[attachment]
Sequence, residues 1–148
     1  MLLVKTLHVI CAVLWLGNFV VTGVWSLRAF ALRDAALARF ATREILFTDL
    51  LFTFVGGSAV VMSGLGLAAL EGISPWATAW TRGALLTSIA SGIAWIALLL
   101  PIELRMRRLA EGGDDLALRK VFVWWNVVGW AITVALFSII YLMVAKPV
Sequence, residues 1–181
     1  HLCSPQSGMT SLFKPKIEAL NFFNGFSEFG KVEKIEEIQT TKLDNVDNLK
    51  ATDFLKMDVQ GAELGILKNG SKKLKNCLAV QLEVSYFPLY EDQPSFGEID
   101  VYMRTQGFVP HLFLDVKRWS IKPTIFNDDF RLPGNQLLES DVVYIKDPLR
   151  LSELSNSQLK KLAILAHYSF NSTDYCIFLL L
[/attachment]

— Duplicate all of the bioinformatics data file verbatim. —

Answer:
Sequence, residues 1–148
     1  MLLVKTLHVI CAVLWLGNFV VTGVWSLRAF ALRDAALARF ATREILFTDL
    51  LFTFVGGSAV VMSGLGLAAL EGISPWATAW TRGALLTSIA SGIAWIALLL
   101  PIELRMRRLA EGGDDLALRK VFVWWNVVGW AITVALFSII YLMVAKPV
Sequence, residues 1–181
     1  HLCSPQSGMT SLFKPKIEAL NFFNGFSEFG KVEKIEEIQT TKLDNVDNLK
    51  ATDFLKMDVQ GAELGILKNG SKKLKNCLAV QLEVSYFPLY EDQPSFGEID
   101  VYMRTQGFVP HLFLDVKRWS IKPTIFNDDF RLPGNQLLES DVVYIKDPLR
   151  LSELSNSQLK KLAILAHYSF NSTDYCIFLL L